Soon after the US announcement to hold a diplomatic boycott on 2022 Winter Olympics in Beijing, China denounced the step as a "posturing and political manipulation".
Chinese officials responded to the US announcement with outrage and also pre-emptive dismissal. Liu Xiaoming, the former Chinese ambassador to the UK, said the Olympics were "not a stage for political posturing and manipulation".
"US politicians keep hyping a 'diplomatic boycott' without even being invited to the Games. This wishful thinking and pure grandstanding is aimed at political manipulation," he said.
"It is a grave travesty of the spirit of the Olympic Charter, a blatant political provocation and a serious affront to the 1.4 billion Chinese people. It will only make the Chinese people and the world see clearly US politicians' anti-China nature and hypocrisy."
Liu's tweets mirrored the language of several other Chinese officials before and after the announcement.
China's embassy in Washington dismissed the boycott as "a pretentious act" and a "political manipulation", Guardian reported.
Earlier on Monday, China's foreign ministry spokesperson, Zhao Lijian, accused Washington of "hyping a 'diplomatic boycott' without even being invited to the Games", and threatened unspecified "resolute countermeasures" if a boycott was announced.
The Biden administration confirmed on Monday that it would not send any diplomatic or official representation to the Beijing 2022 Winter Olympics and Paralympic Games given the PRC's ongoing genocide and crimes against humanity in Xinjiang and other human rights abuses.
The decision was made weeks ago, though US officials waited to make the announcement to allow some time to pass after a phone call last month between President Biden and his Chinese counterpart, Xi Jinping, to stabilize tense relations, advisers to the administration said.
A US boycott had the support of senior legislators including Republican Mitt Romney and the Democrat Speaker of the House, Nancy Pelosi.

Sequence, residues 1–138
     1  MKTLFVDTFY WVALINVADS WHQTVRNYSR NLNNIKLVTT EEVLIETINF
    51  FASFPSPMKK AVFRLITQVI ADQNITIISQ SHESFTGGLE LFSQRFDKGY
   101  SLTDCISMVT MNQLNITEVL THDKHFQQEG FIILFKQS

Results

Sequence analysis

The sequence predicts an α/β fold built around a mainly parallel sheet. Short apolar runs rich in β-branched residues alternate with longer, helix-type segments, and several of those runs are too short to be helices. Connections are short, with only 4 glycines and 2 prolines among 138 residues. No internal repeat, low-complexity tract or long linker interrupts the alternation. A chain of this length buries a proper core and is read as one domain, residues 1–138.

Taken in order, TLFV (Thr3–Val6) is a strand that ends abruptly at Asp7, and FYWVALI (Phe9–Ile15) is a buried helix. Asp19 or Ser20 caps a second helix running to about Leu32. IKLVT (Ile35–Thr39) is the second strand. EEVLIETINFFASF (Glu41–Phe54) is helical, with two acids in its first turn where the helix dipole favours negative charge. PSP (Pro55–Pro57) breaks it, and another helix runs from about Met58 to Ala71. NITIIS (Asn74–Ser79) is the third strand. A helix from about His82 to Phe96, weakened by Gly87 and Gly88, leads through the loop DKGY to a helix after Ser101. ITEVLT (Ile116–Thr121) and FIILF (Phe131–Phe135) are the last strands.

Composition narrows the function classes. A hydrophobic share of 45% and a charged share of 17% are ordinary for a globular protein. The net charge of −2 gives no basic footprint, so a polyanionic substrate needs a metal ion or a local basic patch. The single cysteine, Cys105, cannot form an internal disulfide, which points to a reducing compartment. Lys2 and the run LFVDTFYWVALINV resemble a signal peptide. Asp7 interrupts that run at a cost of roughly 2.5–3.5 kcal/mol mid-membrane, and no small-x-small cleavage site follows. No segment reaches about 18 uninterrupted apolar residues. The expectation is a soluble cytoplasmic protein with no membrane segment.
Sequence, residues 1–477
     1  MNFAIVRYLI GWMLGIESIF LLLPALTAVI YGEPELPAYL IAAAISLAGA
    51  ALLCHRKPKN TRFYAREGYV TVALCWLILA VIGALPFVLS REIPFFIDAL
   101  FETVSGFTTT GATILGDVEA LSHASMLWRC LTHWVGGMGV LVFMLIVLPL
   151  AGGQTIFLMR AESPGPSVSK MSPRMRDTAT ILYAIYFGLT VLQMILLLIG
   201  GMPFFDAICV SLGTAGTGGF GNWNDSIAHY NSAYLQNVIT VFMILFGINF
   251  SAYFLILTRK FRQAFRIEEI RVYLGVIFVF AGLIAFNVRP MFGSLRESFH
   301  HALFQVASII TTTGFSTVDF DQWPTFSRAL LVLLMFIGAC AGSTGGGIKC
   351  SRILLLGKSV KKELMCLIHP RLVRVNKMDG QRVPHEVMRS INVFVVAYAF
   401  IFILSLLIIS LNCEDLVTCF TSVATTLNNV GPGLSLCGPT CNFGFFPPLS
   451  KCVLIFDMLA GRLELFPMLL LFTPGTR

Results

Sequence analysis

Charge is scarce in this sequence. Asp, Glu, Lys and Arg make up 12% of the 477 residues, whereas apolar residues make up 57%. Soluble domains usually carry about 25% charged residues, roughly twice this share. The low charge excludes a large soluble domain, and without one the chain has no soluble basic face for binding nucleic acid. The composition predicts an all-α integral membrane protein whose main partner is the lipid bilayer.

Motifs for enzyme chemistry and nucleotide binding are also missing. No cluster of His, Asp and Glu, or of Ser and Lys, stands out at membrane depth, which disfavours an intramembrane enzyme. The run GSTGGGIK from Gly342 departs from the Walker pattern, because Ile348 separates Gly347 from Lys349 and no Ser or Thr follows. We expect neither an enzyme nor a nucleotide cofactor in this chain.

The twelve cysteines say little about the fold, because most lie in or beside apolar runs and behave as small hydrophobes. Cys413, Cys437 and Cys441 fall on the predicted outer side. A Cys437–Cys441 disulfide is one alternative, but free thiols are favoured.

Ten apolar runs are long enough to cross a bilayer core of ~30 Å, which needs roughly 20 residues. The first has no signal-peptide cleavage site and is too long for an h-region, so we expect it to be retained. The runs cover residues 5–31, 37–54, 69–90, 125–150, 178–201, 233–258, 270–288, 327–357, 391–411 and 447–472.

More countries said they would consider joining the protest over Beijing's human rights record.
Meanwhile, New Zealand's Deputy Prime Minister Grant Robertson on Tuesday announced it would not send representatives to the Games.
Robertson cited Covid-19 as the primary reason "but we've made clear to China on numerous occasions our concerns about human rights issues", he said.
The UK, Canada, and Australia have said they were considering their positions. Last week, Lithuania, which is facing trade and diplomatic hostilities from China over its growing relationship with Taiwan, announced neither its president nor ministers would attend the Games.
Boycott calls have intensified in recent months, as dozens of world governments mull how to respond to Beijing's continued crackdown on ethnic minorities in China, its intervention on Hong Kong, and other human rights issues. Demands have further escalated over the case of Chinese tennis star Peng Shuai, who was not seen for almost three weeks after posting to social media an accusation of sexual assault against Chinese former vice-premier. She was later shown on state media to be in Beijing, but there remain widespread concerns about her wellbeing and level of freedom.
Rights groups welcomed the US announcement and called for other governments to follow suit.
The last time the US staged an Olympics boycott was the 1980 Moscow games, alongside 64 other countries and territories in response to the Soviet invasion of Afghanistan the previous year.